we know far less about why people are prone to prejudice in the first place. New research, using monkeys, suggests that the roots lie deep in our evolutionary past.
Tag Archives: pristranosti
Thomas Nagel o novoj knjizi Davida Brooksa “The Social Animal”
The meat of the book is in its general claims about human nature and society. The main idea is that there are two levels of the mind, one unconscious and the other conscious, and that the first is much more important than the second in determining what we do.
The main problem that Brooks addresses in this book is how to understand the relation between these two mental domains. His aim is to “counteract a bias in our culture. The conscious mind writes the autobiography of our species. Unaware of what is going on deep down inside, the conscious mind assigns itself the starring role. It gives itself credit for performing all sorts of tasks it doesn’t really control.”
We humans do many stupid things. But sometimes it’s not our fault, it’s just how our brains naturally function.
Psychology Today and PsyBlog write about four things humans are inclined to do that cause us to make poor decisions.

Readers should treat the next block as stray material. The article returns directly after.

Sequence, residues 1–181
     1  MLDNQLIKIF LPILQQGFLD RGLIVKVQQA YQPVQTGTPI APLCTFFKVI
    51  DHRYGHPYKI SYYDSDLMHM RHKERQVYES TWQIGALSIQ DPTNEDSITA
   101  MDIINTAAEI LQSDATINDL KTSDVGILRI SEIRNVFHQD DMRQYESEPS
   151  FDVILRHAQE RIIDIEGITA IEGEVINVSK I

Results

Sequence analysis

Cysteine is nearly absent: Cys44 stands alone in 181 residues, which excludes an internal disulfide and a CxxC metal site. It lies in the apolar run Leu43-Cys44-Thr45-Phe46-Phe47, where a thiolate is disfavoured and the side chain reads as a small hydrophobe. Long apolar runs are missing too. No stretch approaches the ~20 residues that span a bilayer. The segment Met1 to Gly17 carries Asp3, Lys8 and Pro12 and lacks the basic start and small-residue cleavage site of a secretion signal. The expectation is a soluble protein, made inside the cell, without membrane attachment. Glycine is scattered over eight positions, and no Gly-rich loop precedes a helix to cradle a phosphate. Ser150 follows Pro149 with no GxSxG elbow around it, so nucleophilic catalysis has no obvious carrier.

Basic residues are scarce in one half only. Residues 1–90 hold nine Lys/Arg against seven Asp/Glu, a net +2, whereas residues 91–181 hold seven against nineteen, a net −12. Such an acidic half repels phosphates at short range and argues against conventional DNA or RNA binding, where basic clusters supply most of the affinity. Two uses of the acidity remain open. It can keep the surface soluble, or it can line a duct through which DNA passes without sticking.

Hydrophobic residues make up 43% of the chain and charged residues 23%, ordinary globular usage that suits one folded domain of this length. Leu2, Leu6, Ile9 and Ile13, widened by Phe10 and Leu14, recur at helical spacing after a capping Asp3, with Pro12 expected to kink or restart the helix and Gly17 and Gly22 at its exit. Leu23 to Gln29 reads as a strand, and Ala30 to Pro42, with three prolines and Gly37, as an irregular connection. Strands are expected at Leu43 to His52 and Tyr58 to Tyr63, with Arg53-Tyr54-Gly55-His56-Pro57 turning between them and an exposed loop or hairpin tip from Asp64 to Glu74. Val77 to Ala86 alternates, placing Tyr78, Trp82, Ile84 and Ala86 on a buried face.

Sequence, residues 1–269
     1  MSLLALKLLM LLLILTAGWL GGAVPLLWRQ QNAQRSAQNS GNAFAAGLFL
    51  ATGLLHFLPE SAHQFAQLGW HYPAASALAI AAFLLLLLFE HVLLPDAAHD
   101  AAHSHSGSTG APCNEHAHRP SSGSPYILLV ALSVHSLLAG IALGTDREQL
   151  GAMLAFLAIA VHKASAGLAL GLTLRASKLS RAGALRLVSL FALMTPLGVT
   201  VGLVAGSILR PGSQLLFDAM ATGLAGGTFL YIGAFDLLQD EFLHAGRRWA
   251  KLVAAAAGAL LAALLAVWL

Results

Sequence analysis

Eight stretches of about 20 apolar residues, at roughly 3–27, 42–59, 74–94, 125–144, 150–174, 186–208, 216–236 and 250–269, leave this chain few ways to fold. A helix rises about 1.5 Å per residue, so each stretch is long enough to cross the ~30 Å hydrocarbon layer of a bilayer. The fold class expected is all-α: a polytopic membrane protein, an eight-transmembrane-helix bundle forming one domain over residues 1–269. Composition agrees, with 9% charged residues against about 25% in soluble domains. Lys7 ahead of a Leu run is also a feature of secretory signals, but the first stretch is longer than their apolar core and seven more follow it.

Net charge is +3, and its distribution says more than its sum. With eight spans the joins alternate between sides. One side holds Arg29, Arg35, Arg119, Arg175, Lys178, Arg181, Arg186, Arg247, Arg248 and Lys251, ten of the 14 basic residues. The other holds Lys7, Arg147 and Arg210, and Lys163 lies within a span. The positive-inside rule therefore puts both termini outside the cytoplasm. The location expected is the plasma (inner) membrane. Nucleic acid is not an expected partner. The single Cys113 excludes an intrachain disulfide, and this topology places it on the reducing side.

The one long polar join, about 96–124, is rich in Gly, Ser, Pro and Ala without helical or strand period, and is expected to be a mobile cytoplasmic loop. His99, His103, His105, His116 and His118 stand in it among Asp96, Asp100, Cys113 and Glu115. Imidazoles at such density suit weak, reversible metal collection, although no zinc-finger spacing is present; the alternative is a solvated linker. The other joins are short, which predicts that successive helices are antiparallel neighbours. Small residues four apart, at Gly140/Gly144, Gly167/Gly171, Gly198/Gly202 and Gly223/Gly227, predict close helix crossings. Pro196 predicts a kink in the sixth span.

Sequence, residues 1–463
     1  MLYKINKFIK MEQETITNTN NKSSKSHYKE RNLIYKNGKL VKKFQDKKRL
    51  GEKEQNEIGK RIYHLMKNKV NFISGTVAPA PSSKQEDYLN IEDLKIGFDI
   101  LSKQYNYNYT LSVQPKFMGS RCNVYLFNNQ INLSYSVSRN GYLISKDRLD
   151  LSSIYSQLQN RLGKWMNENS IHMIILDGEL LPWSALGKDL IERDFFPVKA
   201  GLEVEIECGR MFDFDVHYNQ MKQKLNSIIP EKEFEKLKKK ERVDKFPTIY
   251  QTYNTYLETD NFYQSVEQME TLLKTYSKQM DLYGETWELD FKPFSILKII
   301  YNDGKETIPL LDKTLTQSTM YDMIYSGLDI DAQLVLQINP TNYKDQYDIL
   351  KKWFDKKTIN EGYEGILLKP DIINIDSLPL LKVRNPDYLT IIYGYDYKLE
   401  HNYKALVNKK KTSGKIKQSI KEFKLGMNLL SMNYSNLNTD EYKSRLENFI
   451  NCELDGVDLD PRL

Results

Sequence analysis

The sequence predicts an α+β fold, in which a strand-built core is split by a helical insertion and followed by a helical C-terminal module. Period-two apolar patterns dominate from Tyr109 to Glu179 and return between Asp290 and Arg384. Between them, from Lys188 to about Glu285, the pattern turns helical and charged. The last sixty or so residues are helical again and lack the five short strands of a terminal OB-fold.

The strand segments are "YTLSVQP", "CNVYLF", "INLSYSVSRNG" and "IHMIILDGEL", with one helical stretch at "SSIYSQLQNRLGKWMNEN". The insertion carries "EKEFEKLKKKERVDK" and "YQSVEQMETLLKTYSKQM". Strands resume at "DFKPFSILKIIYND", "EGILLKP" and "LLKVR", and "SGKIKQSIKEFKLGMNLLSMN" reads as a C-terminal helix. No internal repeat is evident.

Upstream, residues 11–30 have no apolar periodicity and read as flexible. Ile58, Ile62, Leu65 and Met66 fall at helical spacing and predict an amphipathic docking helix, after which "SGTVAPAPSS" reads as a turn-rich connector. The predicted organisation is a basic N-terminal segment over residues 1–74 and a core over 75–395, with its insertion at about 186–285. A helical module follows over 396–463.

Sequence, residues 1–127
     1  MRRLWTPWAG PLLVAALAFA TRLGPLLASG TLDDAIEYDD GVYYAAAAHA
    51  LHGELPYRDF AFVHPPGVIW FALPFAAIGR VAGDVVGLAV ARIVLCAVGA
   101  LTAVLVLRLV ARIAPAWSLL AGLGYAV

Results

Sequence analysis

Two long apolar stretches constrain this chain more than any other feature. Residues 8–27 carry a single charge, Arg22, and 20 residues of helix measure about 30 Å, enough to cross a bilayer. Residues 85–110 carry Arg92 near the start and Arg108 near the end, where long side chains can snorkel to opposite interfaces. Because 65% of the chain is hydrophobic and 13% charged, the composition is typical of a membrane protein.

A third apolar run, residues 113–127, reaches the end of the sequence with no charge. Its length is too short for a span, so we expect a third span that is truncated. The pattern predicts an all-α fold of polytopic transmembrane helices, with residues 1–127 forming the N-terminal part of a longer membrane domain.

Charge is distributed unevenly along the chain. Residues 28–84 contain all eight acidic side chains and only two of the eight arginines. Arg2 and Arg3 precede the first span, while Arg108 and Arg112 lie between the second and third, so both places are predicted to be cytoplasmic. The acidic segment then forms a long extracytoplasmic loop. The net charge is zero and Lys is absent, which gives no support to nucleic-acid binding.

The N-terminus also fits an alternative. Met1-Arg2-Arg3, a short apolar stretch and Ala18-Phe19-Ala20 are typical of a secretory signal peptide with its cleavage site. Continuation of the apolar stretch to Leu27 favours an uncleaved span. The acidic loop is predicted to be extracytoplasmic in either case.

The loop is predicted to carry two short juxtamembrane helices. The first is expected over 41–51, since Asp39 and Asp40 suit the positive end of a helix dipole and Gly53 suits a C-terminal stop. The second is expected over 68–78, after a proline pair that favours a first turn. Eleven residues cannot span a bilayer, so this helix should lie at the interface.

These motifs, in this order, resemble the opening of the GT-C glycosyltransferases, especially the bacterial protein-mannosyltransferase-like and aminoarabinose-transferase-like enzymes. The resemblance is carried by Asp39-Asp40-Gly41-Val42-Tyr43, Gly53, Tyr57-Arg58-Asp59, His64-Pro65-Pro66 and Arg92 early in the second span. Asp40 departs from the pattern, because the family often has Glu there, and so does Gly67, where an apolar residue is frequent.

1. We treat inferences as facts
2. Polarized Thinking
3. Intensional Orientation: Viewing people, objects, and events in terms of labels rather than how they actually exist or operate. The problem is that many people never get past the labels.
4. Extensional Orientation: Viewing people, objects, and events by their actual existence or operation and then (if then) through their labels.
Therapist-free therapy, March 3, 2011.
Cognitive-bias modification may put the psychiatrist’s couch out of business
Cognitive-bias modification (CBM) appears to be effective after only a few 15-minute sessions, and involves neither drugs nor the discussion of feelings. It does not even need a therapist. All it requires is sitting in front of a computer and using a program that subtly alters harmful thought patterns.
This simple approach has already been shown to work for anxiety and addictions, and is now being tested for alcohol abuse, post-traumatic-stress disorder and several other disturbances of the mind. It is causing great excitement among researchers.
Slične teme iz Economista:
By Wray Herbert Border Bias and Our Perception of Risk: Scientific American. Our mental maps of risk and safety rely too heavily on imaginary boundaries.
Ljudi doživljavaju imaginarne (političke) granice na zemljopisnim kartama kao zaštitu (recimo od radioaktivnosti).